Holmes, too, must have longed to have been in her best form as she entered the finishing straight on the shoulder of the 800m leader, Svetlana Masterkova of Russia. The spirit of the army sergeant was, as always, willing, but the flesh was weak, despite the injection she had had to help counteract the pain she has experienced in recent weeks from a shin injury.

As Masterkova pulled away for a surprise victory in 1min 57.73sec, first Ana-Maria Qirot of Cuba and then the pre-race favourite Maria Mutola, suffering the combined effects of a cold and poor early positioning, came by the Briton, who rocked with effort, her face contorted.

"You can't come here carrying an injury and expect to leave with a gold medal," Holmes said. "I learned that the hard way. But I'm definitely going on to do the 1500 metres even if they have to drag me to the start on crutches. I'm not going to leave this damned place without a medal."

Marie-Jose Perec stated her claim to be regarded as one of the great Olympians as she defended her 400m title with utter grace. The Frenchwoman won in 48.25sec to become the third fastest woman in history behind Marita Koch of East Germany and the mighty Czechoslovakian, Jarmila Kratochvilova.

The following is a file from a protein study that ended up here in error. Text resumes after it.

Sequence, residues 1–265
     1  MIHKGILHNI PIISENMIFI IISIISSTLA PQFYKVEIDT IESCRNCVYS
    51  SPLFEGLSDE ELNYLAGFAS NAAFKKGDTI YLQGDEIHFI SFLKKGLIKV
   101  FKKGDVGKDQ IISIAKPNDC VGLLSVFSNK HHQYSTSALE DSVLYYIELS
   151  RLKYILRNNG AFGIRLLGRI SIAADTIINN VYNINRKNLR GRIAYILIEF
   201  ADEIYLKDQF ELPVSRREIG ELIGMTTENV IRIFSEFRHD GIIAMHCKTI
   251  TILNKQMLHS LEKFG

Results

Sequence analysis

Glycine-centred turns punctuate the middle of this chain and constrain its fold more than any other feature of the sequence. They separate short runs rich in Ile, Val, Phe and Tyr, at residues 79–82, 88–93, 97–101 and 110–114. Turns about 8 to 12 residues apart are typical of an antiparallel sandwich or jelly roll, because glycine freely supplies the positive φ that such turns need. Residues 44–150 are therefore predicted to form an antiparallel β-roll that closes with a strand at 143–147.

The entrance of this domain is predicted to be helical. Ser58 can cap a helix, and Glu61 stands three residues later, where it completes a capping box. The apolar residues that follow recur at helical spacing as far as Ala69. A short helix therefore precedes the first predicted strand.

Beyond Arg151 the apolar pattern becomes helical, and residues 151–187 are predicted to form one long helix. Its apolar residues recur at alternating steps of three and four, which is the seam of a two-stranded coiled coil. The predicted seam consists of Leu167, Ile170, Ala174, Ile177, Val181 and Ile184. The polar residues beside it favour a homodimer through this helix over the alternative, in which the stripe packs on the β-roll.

While Kratochvilova looked like a charging rhino - a side effect, she said, of working hard forking hay on her father's farm - Perec looks like a gazelle. Cathy Freeman, Australia's Commonwealth champion, was the only runner who could challenge her, taking silver in an Australian record of 48.63.

The final track event of the evening, the 10,000 metres, produced a far closer competition as Kenya's finest, Paul Tergat, tried everything he knew to prevent Ethiopia's finest, the world 5,000 and 10,000 metres record holder Haile Gebrselassie from completing the first half of what he hopes will be a double.

It was beyond the Kenyan, however, as Gebrselassie, baring his teeth with the effort, raced away over the final 400 metres to win in 27min 7.34sec.

Ethiopia's national stadium has a display of the five Olympic rings above its main stand. Four of them bare the likenesses of home runners who have become Olympic champions now the fifth and final ring will feature the face of the man Ethiopians call The Emperor.

On Saturday, he will attempt to extend his rule. The Games awaits.